- The Washington Times - Wednesday, November 2, 2005

The Wizards will try not to break out in hives on defense this season.

That end of the court requires more than lip service, the principal defensive approach of the Wizards last season.

A call to be vaguely interested on defense often resulted in the Wizards waving green flags in front of the driving lanes.

Even the departed Larry Hughes, a first-team all-defensive selection, was not a stopper, just a tenacious opportunist in the passing lanes who led the NBA in steals.

Not that great defense ever stops great offense in the NBA.

Impairing the opposition’s leading scorers demands the attention of all five defenders, not just one or two, as it is with Jared Jeffries and Antonio Daniels.

Defense is the last of the individual challenges before Gilbert Arenas, a third-team All-NBA selection last season whose likeness is on the cover of the 2005-06 NBA Register.

No member of the franchise has warranted such national treatment since the playing days of Wes Unseld and Elvin Hayes.

As good as Arenas is — and he is every bit as good as billed — the final end of his maturation process involves a more concerted effort on defense. He has all the requisite qualities to be a gifted defender: good size for a guard and copious amounts of speed, quickness and jumping ability.

He dropped seven pounds in the offseason and embraced the urging of coach Eddie Jordan to be more defensively committed. His background suggests he will be successful. It was only last year at this time that Arenas was looking to show he could score and direct an offense in seamless fashion.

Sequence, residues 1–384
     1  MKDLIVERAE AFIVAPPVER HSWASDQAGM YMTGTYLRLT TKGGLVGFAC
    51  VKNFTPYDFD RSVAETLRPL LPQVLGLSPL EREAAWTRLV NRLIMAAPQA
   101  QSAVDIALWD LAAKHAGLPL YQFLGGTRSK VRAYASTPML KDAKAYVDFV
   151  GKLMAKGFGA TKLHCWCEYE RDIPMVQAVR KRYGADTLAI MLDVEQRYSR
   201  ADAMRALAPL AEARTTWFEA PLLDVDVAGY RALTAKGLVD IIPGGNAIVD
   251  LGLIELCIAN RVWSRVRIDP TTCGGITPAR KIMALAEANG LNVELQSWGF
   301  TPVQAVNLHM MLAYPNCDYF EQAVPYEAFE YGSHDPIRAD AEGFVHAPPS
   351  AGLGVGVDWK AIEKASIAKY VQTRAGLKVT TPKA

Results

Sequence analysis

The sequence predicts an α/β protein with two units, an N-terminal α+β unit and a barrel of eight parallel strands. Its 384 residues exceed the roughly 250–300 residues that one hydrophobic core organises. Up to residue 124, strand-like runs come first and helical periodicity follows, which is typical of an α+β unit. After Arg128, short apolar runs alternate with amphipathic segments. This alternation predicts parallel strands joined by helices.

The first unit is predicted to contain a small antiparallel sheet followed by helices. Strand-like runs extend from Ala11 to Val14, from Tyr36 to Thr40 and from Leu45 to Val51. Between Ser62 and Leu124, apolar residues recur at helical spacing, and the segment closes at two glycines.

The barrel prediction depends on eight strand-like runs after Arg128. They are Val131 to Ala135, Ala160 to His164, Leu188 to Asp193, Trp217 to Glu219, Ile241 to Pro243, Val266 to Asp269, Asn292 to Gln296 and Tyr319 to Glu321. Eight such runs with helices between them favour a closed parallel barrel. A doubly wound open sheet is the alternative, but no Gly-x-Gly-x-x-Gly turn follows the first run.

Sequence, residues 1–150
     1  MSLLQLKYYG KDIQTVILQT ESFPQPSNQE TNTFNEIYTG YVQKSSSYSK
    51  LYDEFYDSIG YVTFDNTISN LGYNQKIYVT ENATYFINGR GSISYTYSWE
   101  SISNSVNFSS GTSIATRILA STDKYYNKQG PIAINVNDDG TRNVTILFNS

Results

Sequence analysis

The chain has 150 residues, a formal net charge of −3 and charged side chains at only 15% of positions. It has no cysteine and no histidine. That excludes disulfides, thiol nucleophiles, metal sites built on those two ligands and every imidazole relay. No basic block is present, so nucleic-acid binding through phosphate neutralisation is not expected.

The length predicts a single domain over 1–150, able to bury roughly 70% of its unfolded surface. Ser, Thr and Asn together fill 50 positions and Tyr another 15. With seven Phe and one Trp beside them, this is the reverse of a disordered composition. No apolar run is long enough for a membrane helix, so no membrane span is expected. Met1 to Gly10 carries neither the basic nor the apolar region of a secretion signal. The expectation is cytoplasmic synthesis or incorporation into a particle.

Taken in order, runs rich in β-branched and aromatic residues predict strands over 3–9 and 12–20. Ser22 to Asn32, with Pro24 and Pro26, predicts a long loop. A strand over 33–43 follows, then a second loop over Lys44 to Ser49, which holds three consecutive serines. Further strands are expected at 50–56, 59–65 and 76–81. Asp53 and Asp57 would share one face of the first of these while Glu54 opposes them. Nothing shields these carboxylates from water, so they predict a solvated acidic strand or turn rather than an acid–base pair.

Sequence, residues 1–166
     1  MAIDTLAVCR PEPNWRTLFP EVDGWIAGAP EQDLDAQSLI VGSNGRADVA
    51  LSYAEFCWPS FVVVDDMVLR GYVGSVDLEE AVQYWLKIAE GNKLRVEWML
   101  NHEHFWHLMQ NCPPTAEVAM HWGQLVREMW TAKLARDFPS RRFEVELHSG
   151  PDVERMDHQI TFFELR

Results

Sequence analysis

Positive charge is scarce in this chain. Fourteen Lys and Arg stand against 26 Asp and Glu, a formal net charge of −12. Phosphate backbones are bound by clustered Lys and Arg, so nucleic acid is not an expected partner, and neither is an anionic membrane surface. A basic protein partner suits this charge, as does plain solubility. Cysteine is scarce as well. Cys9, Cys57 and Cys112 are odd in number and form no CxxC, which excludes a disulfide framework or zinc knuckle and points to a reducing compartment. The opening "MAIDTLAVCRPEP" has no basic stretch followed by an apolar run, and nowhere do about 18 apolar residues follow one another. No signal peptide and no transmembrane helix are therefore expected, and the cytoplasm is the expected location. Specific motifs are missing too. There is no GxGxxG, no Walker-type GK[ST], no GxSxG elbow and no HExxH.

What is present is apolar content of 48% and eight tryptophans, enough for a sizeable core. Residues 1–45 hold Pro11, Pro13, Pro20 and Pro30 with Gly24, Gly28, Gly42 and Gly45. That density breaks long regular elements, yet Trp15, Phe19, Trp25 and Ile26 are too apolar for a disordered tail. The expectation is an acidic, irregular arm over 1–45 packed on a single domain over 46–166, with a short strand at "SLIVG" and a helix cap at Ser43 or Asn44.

That is no easy responsibility, as evidenced by the good number of scoring point guards who disrupt the rhythm of their teammates.

Even if the Wizards play with a sense of purpose on defense this season — and the guess here is they will — they still remain fundamentally flawed in the frontcourt. The lean bodies of Brendan Haywood, Antawn Jamison and Jeffries hardly impose bruises on the opposition.

Etan Thomas and Michael Ruffin provide more muscle but fewer inches.

That is one of the either/or propositions before Jordan.

This team is considerably deeper than last season’s team, with a starting lineup of Arenas, Daniels, Jamison, Jeffries and Haywood and an able bench of Caron Butler, Chucky Atkins, Jarvis Hayes, Calvin Booth, Thomas and Ruffin.

That comes out to 11 players and no easy solution for Jordan to allocate 240 minutes.

Yet the NBA season is a grind, injuries are inevitable, and what appears absolute in November sometimes is out of date by February.

The Wizards did not lose in the departure of Hughes, not with what was secured in his place, although the team’s record may not reflect that supposition in the first half of the season.

The integration of four newcomers in the rotation is problematic, as both a team’s holdovers and newcomers must learn the strengths, weaknesses and idiosyncrasies of each other.

The Wizards also find themselves in a conference that is finally narrowing the talent gap with its kin in the West.

The Eastern Conference’s top tier — the Heat, Pistons and Pacers — seems fairly entrenched, barring injuries and meltdowns, the latter the prevailing fear with Ron Artest.

The jockeying starts at No. 4, the possibilities pronounced among the Cavaliers, Nets, Wizards, 76ers and Bulls.

The difference among the five teams promises to be slight, assuming the lead players on each of the teams remain relatively healthy.

Bad health, of course, is the bane to the best outlooks.

The 25-win campaign of the Wizards two seasons ago was mostly the product of nagging injuries to Arenas and Jerry Stackhouse.

As the weakest of the eight teams that advanced to the second round of the playoffs last season, the Wizards are apt to make incremental progress but not have tangible proof.

Their rate of progression will be dependent on the quality of their commitment to defense.

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